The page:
Mingling CE and RPAC

How to ensure that your fundraising and continuing education events don’t run afoul of the law.

New RPAC fundraising ideas are great, and association staff consistently find creative ways to increase REALTOR® support for RPAC. One relatively recent idea combines RPAC fundraising with continuing education courses. If done right, such a fundraising strategy attracts members with the offer of required credits while effectively raising RPAC awareness and investments. There are, however, hurdles to hosting this type of event. As with any RPAC fundraising activity, associations must be sure to comply with applicable campaign finance laws. Here’s how.

Associations promoting RPAC in conjunction with a CE course may do so only by treating it as they would otherwise treat a separate RPAC fundraising event. In other words, all relevant campaign finance laws applicable to an RPAC fundraising event become applicable to the dual RPAC/CE event. And, because most RPAC fundraising events raise both state and federally regulated RPAC investments, such events are regulated by state and federal law. Since it is impossible to address every state law here, we’ll focus on relevant federal campaign finance law, but remember to always check state campaign finance laws for additional requirements.

Promoting the event

RPAC fundraising events can be advertised to and attended by only the solicitable class. As a reminder, the solicitable class is limited to REALTOR® members, association executive and administrative staff, and their respective immediate family members. Because the RPAC/CE event is treated as an RPAC event, it is bound by the solicitable class restriction. This means that advertising and communications promoting the RPAC/CE event can be distributed or made available only to REALTOR® members or associa­tion staff. This limits your ability to promote the event using social media because you can post only to private, members-only Facebook groups. Posting on Twitter, Instagram, or any other platforms that do not have a private group feature would violate federal campaign finance law. Your RPAC or education committee chairs can’t post it publicly from their accounts, either.

Funding the event

Associations facilitating an RPAC/CE event may use their general treasury account only to pay for 100% of related food, beverage, and venue expenses. Payments for the CE presenter, CE course materials provided to participants, and RPAC auction items must follow the one-third rule.

The one-third rule limits the amount of money associations may use from their general treasury account for entertainment or enticement costs associated with an RPAC event. Your presenter, materials, and auction items are considered “enticement costs.”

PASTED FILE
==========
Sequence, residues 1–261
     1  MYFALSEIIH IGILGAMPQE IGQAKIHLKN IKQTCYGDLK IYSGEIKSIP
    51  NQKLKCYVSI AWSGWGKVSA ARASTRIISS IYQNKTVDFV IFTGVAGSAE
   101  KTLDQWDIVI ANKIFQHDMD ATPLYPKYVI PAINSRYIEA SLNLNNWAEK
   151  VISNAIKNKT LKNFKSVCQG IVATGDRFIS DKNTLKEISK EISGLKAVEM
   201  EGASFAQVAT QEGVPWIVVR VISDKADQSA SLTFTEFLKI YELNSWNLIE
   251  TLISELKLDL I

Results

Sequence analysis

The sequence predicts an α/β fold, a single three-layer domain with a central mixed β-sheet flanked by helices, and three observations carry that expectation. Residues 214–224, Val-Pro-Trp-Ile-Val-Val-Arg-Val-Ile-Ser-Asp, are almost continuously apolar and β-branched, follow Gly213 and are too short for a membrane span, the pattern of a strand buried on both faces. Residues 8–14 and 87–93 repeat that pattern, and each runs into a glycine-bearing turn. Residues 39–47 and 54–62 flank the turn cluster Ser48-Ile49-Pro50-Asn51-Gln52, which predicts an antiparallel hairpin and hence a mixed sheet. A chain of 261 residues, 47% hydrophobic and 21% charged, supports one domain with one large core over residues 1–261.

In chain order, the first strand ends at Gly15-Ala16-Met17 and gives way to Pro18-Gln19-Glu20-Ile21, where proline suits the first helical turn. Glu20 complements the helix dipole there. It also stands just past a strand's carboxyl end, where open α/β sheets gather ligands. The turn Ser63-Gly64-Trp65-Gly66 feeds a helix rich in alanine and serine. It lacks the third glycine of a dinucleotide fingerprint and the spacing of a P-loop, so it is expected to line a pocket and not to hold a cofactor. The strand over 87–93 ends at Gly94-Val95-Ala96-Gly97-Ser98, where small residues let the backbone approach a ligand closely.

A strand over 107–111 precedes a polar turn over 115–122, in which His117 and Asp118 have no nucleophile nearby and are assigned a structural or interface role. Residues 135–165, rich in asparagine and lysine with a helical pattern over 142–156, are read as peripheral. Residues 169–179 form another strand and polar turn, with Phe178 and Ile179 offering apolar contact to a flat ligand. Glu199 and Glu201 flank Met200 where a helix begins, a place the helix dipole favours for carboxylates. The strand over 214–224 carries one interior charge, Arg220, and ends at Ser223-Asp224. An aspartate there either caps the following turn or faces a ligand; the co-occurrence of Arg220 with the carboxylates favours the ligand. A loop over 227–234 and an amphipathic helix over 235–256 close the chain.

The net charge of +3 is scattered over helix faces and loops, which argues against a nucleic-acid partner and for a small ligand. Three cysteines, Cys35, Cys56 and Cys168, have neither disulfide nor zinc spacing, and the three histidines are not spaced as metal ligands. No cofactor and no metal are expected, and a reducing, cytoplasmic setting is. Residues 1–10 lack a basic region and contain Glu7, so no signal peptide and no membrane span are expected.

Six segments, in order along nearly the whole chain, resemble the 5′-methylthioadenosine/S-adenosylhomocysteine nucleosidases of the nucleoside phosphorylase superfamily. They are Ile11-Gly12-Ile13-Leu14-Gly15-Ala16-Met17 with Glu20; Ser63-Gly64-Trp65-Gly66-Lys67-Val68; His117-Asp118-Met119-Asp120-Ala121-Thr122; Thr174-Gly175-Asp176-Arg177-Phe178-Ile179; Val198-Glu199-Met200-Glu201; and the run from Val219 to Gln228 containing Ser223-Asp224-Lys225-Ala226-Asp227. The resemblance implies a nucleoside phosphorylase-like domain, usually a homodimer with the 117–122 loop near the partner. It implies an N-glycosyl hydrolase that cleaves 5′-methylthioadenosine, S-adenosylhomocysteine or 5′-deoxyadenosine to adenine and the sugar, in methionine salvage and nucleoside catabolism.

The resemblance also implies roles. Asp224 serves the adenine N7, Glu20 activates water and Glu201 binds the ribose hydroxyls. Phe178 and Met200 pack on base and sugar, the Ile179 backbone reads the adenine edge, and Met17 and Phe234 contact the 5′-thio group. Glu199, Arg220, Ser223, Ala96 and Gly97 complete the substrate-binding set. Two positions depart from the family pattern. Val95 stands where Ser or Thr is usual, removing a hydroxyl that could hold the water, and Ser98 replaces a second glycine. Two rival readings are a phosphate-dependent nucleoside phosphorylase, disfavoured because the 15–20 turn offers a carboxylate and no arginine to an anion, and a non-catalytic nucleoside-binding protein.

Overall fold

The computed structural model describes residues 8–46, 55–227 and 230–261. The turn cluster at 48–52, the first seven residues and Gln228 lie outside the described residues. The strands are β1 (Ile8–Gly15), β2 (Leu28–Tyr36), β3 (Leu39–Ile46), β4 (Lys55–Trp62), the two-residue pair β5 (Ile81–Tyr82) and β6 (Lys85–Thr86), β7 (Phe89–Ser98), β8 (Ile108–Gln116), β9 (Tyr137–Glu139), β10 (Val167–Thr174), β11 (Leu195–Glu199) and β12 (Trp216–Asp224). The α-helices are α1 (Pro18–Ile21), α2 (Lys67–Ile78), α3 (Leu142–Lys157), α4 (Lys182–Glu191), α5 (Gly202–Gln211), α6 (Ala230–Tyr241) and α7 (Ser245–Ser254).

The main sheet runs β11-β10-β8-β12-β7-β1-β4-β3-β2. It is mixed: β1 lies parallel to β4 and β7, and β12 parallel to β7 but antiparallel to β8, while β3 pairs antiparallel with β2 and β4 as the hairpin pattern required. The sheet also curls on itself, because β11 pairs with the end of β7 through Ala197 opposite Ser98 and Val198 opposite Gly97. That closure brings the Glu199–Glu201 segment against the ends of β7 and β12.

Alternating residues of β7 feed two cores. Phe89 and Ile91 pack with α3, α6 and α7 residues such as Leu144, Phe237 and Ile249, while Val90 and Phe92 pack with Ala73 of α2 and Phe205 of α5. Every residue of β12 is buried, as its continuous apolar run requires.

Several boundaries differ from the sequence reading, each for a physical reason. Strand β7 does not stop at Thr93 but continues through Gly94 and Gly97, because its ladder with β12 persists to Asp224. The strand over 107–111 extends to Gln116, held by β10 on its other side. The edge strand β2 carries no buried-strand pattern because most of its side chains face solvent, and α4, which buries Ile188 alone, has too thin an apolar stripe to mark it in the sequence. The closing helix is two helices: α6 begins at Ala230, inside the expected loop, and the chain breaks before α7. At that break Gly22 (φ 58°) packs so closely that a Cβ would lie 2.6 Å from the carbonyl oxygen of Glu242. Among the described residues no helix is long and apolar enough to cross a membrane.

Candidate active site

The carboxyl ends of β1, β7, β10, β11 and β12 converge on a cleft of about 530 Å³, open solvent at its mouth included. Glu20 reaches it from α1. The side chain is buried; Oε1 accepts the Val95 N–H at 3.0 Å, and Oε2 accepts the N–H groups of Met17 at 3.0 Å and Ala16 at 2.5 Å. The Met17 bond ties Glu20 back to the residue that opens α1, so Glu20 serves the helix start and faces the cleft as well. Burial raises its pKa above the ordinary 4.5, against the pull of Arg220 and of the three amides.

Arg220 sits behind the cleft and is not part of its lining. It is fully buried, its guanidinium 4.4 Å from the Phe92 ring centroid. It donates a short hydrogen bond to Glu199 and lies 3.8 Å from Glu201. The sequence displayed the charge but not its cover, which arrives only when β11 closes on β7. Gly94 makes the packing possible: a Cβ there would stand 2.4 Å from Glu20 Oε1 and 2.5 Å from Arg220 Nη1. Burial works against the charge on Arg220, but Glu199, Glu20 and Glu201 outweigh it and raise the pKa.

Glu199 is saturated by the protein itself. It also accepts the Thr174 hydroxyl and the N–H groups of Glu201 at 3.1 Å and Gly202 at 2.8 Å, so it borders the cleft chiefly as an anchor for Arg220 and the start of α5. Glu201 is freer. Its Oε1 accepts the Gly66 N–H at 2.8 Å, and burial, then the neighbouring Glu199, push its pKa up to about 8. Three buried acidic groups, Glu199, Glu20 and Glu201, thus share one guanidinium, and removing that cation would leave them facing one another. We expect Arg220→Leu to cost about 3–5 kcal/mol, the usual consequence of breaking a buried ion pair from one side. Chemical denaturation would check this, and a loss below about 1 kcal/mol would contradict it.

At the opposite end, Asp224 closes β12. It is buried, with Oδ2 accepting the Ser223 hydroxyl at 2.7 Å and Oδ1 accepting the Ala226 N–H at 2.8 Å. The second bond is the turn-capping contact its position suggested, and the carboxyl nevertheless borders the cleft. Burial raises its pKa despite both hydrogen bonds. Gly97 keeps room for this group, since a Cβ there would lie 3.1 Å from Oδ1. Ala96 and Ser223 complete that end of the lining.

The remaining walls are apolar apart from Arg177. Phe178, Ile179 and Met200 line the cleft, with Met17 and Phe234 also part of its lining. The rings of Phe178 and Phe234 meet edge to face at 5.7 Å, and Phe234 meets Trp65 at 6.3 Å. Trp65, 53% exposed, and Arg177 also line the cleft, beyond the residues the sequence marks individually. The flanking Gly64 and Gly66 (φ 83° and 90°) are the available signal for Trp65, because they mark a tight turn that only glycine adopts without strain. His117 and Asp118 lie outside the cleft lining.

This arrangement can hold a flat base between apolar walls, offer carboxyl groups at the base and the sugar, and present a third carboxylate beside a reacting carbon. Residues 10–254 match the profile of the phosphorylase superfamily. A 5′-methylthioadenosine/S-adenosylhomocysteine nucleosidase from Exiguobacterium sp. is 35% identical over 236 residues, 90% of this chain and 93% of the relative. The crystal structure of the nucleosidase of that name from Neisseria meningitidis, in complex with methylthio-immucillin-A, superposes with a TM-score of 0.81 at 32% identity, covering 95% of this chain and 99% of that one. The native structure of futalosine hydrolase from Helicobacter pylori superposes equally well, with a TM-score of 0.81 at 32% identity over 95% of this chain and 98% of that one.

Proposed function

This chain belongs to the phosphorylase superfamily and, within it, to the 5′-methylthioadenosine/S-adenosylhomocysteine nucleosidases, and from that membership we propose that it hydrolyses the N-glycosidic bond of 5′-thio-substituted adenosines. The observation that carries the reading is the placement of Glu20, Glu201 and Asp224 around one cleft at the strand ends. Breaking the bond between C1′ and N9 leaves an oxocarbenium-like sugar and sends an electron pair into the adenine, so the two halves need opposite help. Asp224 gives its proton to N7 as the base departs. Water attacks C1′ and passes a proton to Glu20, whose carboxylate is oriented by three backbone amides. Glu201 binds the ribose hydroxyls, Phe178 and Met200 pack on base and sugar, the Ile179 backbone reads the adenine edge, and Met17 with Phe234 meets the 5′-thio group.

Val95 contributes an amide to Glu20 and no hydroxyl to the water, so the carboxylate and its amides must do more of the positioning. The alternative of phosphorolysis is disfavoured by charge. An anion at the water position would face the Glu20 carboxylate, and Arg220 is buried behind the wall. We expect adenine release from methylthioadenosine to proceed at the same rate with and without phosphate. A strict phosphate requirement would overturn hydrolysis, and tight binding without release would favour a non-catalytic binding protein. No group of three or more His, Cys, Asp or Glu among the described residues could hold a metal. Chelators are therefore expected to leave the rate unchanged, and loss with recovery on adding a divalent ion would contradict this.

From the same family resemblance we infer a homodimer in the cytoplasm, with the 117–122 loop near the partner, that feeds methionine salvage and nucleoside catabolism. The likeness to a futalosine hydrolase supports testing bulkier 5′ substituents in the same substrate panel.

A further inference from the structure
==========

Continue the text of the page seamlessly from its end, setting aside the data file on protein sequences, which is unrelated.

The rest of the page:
Simply put, an association may not spend more than one-third of the total amount raised at an RPAC event on enticement costs. For example, if you pay a CE instructor $1,000 to teach the relevant course, $200 for CE course materials, and $300 for RPAC auction items, the RPAC/CE event must raise at least $4,500 before you can pay for those things 100% from your general treasury account. If the event raises less than $4,500, then RPAC must reimburse the association for the difference. In the example above, if the event raises $3,000, RPAC must pay the association’s general treasury account $500. (1/3 x $3,000 = $1,000. $1,500 – $1,000 = $500.)

Event agenda

Your RPAC/CE event doesn’t have to segregate the education from the fundraising. You can solicit RPAC contributions at or during the CE course, or the RPAC fundraising portion may be held ancillary to the CE course, either before or after.

The most important rule to remember here is that an association cannot require CE course participants to make an RPAC contribution in order to participate. You can solicit RPAC contributions at the time of CE course registration, but you must include the required notice that RPAC contributions are voluntary, and you must be sure to provide all the legally required solicitation disclaimers. If you charge a fee to attend the CE course, you also must make it clear that the CE course registration fee is separate from any voluntary RPAC contribution. If you offer a CE course at no fee but ask for voluntary RPAC contributions, RPAC contributions cannot be required for participation in the CE course.

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